European video game industry grossed over 23 billion euros in revenue last year

In addition to new data on the video game industry in Europe, the latest report reveals more details about the landscape of gamers in the five main markets, which include France, Germany, Italy, Spain, and the United Kingdom, where women make up 47% of total players.

In 2020, the video game industry in Europe recorded revenues of around 23.3 billion euros. In terms of the five main markets, which include France, Germany, Italy, Spain, and the United Kingdom, revenues total €17.6 billion.

The data are part of a new statement prepared by the Interactive Software Federation of Europe (ISFE) and the European Games Developer Federation (EGDF) in preparation for Gamescom, which starts today and runs until the 28th of August, running in digital format for the second consecutive year due to the COVID-19 pandemic.

In addition to new industry data, the latest report provides more insight into the gaming landscape in the top five markets. More than 50% of Europeans aged between six and 64 play video games. Although the average age of gamers is 31 years old, the age group that shows the greatest growth is between 45 and 63 years old.

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Photo by Thor_Deichmann on Pixabay

Women make up 47% of all gamers, also representing 53% of all mobile gamers. The data reveals that, overall, girls who gamble are three times more likely to pursue careers in the field of STEM (Science, Technology, Engineering, and Mathematics).

When it comes to platforms, 60% of gamers play on their smartphone or tablet, with the average age of players around 25 years old. 54%, with an average age of approximately 32, are fans of consoles, and 49% of gamers, with an average age of around 29, play on PC.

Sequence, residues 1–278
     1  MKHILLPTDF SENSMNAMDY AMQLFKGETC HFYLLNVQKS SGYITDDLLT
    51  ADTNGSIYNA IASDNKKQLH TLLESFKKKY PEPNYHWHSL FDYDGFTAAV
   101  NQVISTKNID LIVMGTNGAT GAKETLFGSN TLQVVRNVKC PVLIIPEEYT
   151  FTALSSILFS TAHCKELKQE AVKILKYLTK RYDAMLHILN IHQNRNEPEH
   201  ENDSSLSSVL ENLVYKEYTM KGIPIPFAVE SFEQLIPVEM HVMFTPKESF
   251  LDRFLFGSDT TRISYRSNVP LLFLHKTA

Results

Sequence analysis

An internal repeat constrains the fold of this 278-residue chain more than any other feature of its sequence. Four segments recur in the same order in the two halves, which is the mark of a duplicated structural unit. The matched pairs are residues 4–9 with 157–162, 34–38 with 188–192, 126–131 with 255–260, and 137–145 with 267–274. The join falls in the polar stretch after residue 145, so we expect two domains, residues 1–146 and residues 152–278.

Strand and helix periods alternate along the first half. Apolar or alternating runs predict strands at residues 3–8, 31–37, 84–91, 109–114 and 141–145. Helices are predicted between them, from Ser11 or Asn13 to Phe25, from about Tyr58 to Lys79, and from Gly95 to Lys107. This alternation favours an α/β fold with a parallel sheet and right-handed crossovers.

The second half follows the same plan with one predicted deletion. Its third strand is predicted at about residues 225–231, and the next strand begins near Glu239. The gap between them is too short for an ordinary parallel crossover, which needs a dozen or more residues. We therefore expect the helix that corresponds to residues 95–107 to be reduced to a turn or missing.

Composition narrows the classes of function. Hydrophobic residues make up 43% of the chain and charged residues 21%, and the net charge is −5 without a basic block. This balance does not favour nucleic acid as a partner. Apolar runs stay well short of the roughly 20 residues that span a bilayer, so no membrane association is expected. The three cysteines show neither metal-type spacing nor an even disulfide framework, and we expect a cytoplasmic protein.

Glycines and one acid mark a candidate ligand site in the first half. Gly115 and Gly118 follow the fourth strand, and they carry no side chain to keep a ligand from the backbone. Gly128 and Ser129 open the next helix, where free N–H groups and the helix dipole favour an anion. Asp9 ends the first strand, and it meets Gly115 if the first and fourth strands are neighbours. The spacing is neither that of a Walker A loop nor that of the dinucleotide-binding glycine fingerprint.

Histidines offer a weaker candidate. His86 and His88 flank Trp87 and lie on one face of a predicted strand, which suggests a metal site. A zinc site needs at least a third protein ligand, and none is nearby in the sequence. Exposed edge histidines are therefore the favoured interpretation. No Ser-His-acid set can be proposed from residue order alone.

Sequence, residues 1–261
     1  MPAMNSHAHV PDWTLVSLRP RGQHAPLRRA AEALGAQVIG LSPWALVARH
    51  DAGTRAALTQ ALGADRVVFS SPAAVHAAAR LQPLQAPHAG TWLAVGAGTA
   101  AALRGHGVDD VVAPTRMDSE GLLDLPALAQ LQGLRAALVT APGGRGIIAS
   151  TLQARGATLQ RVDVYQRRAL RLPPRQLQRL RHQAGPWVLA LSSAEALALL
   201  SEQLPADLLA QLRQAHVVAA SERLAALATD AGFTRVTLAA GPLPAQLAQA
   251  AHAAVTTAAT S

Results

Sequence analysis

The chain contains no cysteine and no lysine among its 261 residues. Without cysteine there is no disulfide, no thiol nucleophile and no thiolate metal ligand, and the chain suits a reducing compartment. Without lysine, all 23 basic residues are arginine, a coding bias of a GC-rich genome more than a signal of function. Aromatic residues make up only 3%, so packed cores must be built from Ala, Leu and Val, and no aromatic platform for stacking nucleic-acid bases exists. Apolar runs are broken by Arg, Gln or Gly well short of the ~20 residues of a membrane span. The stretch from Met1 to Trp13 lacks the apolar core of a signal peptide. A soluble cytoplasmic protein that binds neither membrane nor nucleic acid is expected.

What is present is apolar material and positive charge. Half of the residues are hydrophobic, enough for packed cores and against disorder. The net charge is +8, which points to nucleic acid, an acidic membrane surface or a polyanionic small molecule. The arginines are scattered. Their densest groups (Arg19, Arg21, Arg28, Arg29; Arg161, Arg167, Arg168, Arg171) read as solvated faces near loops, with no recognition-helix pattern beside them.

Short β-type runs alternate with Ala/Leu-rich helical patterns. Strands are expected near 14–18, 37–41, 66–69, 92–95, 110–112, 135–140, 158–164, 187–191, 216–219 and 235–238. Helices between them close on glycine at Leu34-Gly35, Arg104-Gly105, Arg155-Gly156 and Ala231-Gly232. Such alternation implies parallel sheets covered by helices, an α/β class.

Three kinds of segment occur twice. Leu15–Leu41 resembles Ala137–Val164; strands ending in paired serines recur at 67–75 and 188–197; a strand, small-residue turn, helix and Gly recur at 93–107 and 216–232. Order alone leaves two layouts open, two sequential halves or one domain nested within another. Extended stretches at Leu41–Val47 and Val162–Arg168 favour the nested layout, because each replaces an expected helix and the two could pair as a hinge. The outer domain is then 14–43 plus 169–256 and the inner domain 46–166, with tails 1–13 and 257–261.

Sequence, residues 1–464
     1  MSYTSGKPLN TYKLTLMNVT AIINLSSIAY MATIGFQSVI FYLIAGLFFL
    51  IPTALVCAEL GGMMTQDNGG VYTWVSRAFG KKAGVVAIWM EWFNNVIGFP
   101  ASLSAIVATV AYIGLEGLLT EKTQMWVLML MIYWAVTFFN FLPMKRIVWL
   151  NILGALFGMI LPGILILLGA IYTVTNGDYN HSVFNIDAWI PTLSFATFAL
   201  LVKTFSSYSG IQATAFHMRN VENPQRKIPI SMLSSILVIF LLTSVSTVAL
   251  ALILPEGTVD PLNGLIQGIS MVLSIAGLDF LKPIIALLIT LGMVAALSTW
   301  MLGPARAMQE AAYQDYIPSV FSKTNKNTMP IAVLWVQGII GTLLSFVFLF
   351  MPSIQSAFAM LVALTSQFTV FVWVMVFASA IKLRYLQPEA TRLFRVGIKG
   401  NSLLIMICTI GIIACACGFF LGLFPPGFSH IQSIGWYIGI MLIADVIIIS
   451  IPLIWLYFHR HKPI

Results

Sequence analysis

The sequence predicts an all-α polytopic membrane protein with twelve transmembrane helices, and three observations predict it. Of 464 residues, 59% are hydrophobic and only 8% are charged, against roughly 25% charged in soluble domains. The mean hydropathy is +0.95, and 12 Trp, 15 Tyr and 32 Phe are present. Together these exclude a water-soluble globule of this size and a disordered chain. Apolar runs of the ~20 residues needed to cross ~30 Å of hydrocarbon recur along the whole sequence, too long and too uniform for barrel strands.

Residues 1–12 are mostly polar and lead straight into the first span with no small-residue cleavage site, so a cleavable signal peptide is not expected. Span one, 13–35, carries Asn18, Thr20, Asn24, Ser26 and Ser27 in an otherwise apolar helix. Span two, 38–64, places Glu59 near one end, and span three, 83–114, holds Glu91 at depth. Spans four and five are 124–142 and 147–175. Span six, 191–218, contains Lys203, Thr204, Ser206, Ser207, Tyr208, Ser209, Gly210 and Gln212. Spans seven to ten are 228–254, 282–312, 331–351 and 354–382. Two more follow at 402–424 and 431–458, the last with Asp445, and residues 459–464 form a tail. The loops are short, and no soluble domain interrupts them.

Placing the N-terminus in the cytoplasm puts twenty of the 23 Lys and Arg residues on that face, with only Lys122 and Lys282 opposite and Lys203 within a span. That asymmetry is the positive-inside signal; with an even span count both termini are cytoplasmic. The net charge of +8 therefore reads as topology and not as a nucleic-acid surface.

The number of weekly hours spent playing, which in 2020 reached 9.5 hours, increased during the COVID-19 pandemic’s containment periods, reverting to pre-pandemic levels when movement restrictions ended.

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The vast majority of players (76%) devote at least an hour a week to games. On the other hand, 15% play for at least one hour a month, and only 8% say they play games once a year.

The data reveals that 21% of parents of younger gamers use parental control tools. 97% of parents say they monitor their children’s spending on games. Two-thirds of parents indicate that they do not allow their children to spend more than a certain amount of money and eight out of 10 parents have some kind of agreement with their children regarding spending.

Compared to last year, the revenues earned by the European video games industry in the top five markets in 2020 grew by 22%. Looking at this panorama, consoles make up 44% of total revenue, followed by smartphones and tablets (40%), PCs (14%), and on-demand/streaming video game platforms (less than 2%).

Last year, the European video games industry employed 86,953 people. In the previous year, the number of people working in this industry was 77,916. It is estimated that 20.38% of all workers are women.

Digital revenues continue to grow and in the five main markets represent 80% of the total, with the remaining 20% ​​being represented by physical copies of video games. By comparison, in 2019, digital revenues in these markets represented 76% of the total. Among the titles that sold the most copies were FIFA 21, Grand Theft Auto V, and FIFA 20.

Total eSports market revenues contracted in 2020, from US$958 million in 2019 to US$947 million. However, they are expected to grow again in 2021, reaching the billion dollar mark. Despite the decrease in revenues, the number of global viewers grew by 9.82% during the COVID-19 pandemic, and in Europe, the total number of viewers, whether occasional or enthusiastic, rose to 92 million.

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